Wine country might be closer to your front door than you realize. There are blossoming wine countries all over the country from the southwest to the midwest to the southeast. Several of these areas were thriving wine countries until Prohibition hit and are now enjoying a rebirth.
When you think of Arizona, you probably think of the Grand Canyon or Phoenix not wine country. But the warm days and cool evenings in some high elevation areas of Arizona create the perfect environment for growing wine grapes. Vineyards planted on rocky terrain are great for winemaking because they produce grapes with concentrated and complex flavor.
is located in the southeastern part of the state between Tucson and the New Mexico border. The region’s climate and soil resembles the well-known wine countries of the Rhone Valley in France and Mendoza in Argentina. The area is known for producing red wine, white wine, sweet wine and dessert wine and nearly three-quarters of the wine grapes in Arizona are from Willcox.
The Sonoita region near Tucson is home to the largest concentration of vineyards and wineries in Arizona so there are plenty of spots to visit. The state’s only official American Viticultural Area, the area is known for growing white, red and blush wine grapes and the soil is similar to the Burgundy area of France.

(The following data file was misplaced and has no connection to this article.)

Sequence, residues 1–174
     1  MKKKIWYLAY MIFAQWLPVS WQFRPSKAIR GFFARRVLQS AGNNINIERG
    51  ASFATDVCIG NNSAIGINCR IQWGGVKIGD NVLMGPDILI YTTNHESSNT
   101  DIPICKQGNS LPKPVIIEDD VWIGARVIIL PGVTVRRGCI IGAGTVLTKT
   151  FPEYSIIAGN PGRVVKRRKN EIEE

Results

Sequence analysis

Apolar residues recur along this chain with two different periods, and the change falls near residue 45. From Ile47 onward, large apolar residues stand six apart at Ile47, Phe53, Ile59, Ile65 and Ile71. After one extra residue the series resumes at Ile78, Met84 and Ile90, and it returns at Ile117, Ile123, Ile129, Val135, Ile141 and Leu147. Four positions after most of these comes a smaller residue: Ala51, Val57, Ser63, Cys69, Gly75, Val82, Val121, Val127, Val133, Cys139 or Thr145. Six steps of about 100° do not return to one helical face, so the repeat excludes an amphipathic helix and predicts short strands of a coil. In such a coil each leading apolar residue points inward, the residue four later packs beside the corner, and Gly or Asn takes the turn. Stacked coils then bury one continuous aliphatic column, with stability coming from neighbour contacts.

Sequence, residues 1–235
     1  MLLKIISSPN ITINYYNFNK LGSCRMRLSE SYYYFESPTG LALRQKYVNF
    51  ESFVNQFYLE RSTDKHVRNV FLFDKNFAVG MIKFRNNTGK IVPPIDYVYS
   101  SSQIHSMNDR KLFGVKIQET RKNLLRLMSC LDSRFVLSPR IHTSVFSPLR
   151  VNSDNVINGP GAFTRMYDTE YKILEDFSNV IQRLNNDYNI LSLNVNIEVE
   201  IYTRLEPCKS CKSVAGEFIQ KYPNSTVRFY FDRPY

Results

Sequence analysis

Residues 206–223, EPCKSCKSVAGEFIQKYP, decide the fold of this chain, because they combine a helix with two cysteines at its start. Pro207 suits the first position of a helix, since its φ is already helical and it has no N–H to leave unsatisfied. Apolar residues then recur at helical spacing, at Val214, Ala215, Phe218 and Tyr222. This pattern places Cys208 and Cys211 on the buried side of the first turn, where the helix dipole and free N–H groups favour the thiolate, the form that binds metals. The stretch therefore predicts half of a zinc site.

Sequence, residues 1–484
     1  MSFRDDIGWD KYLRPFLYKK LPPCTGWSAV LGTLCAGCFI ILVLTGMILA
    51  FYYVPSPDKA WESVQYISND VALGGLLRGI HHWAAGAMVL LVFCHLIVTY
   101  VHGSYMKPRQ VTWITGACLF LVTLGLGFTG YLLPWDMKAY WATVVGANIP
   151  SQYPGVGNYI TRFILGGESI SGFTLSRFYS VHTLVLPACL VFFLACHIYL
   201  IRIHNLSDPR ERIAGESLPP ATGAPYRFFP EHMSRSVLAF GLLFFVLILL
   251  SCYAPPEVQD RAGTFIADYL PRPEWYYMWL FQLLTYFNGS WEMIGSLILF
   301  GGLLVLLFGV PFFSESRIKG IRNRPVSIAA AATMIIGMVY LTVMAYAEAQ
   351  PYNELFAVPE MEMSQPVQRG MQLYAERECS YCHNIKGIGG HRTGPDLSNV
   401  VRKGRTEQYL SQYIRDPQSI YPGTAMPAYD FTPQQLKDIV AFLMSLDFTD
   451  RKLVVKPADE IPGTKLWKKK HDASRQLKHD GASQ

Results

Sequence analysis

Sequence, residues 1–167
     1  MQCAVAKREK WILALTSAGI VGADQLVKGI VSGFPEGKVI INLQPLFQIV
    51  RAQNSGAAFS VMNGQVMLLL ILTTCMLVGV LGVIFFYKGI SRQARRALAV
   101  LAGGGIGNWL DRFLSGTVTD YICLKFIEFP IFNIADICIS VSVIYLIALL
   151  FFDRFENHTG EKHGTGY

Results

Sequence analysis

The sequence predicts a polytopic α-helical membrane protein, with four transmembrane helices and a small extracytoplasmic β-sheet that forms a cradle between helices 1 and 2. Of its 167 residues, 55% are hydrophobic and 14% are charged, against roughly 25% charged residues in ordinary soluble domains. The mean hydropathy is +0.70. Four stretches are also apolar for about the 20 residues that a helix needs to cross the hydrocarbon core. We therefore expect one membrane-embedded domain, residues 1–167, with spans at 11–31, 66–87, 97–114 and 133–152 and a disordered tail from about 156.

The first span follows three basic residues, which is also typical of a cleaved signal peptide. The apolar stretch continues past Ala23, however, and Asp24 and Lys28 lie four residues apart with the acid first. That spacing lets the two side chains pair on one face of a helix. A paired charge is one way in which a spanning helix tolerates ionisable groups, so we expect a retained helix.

The Verde Valley
is tucked away south of the Grand Canyon, southwest of Flagstaff and far away from the Willcox and Sonoita wine countries. The sunshine, heat and rocky soils help produce wine groups full of flavor. A 714 square mile region produces a wide variety of wines including Syrah and Zinfandel.
The Verde Valley Wine Trail
features seven wineries and eight tasting rooms along its path. We recommend trying all of them!
The Spanish colonists in New Mexico needed wine and the first wine grapes in the state were planted in 1629 by a Franciscan priest and a monk, making it the oldest wine country in the U.S. Monks from Spain may no longer need the wine for their daily masses but the state is proud to still produce wine. Today there are more than 40 family-owned vineyards and wineries across the state, according to the New Mexico Wine and Grape Growers Association
The three main regions are in the southern, central and northern parts of the state. The Rio Grande valley in the southern region was a thriving wine country from the 17th century until the late 19th century when the Rio Grande began flooding. Wineries and vineyards have been popping up in the area for the past forty years and there are a number of wineries and tasting rooms
in Las Cruces.
If you visit Las Cruces area, stop by the Rio Grande Vineyards and Winery